Members of the G7 organized delegates from Canada, France, Germany, Italy, Japan, the USA, the United Kingdom, and the European Union, pledging to tackle the growing hazard of space debris orbiting our planet. The summit was held in Cornwall, U.K., on Sunday and was hailed by experts in the space industry as a significant milestone.
It is currently estimated that 900,000 pieces of space junk orbit earth, posing severe risks for satellites. And space junk doesn't just go away; bits and pieces could remain floating around Earth for hundreds of years.
According to a U.K. government report, Simonetta Di Pippo, Director of the U.N. Office for Outer Space Affairs, said, "There is an urgent need to stabilise global space operations. We must future-proof activities now to deliver a safe, secure and sustainable space environment for tomorrow. I welcome this clear commitment by G7 leaders to put space sustainability at the heart of the political agenda. Only through such leadership, with all nations working together, will we preserve the space environment for future generations."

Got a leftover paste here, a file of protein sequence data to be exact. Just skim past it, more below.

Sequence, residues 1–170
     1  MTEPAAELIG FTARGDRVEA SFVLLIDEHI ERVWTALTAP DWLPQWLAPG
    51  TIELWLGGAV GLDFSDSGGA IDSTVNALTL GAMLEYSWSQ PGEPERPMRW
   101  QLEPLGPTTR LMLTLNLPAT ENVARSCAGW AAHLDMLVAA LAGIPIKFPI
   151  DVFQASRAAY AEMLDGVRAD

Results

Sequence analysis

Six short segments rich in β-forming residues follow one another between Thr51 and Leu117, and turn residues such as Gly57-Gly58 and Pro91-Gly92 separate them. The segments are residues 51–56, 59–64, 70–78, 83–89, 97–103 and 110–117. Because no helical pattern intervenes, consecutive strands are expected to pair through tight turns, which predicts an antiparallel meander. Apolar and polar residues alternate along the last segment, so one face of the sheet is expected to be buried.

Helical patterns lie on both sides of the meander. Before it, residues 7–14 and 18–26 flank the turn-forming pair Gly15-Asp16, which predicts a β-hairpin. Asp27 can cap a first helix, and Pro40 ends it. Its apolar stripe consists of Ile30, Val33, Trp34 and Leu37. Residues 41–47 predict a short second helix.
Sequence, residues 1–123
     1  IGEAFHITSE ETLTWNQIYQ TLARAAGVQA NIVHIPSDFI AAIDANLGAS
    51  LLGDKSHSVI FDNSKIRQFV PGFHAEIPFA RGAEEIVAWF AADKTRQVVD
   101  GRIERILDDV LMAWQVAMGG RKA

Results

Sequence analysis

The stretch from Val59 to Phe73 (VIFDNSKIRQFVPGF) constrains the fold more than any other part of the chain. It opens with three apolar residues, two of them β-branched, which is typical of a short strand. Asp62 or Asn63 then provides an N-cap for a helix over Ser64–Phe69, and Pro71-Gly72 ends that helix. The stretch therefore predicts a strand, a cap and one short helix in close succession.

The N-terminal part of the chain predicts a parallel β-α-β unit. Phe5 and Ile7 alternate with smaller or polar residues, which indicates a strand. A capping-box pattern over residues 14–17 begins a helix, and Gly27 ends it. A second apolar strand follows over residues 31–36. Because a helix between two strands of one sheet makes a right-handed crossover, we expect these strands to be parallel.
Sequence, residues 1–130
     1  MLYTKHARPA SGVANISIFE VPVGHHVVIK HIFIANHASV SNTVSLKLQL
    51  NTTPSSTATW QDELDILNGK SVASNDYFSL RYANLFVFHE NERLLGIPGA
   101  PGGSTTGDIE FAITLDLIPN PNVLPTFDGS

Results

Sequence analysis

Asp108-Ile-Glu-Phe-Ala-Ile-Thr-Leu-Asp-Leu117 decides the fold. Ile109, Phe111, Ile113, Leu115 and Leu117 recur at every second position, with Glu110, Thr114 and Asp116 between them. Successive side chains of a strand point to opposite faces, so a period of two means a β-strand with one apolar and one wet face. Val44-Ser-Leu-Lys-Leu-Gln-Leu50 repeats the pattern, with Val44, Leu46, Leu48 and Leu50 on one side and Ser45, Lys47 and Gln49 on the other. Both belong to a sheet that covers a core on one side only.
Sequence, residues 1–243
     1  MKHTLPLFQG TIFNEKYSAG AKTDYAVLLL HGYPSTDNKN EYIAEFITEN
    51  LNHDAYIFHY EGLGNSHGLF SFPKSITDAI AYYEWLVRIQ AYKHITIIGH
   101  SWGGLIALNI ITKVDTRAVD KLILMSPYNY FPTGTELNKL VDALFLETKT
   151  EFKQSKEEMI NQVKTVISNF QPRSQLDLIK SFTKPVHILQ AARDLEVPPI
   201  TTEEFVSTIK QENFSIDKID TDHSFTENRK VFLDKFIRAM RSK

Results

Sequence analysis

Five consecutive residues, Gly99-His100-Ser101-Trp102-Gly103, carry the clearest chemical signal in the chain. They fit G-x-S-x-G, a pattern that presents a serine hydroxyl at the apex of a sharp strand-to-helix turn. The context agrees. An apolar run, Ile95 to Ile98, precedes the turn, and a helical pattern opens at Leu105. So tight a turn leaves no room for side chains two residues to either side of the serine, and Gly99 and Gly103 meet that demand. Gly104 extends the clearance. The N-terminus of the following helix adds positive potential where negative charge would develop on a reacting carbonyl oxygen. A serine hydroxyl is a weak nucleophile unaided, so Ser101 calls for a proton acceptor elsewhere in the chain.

The summit, after much deliberation, put out a joint statement says "We call on all nations to work together, through groups like the United Nations Committee on the Peaceful Uses of Outer Space, the International Organization for Standardization and the Inter-Agency Space Debris Coordination Committee, to preserve the space environment for future generations."
Earlier this year, British-based company Astroscale launched its 'ELSA-d' program to decommission satellites and clean up space debris.
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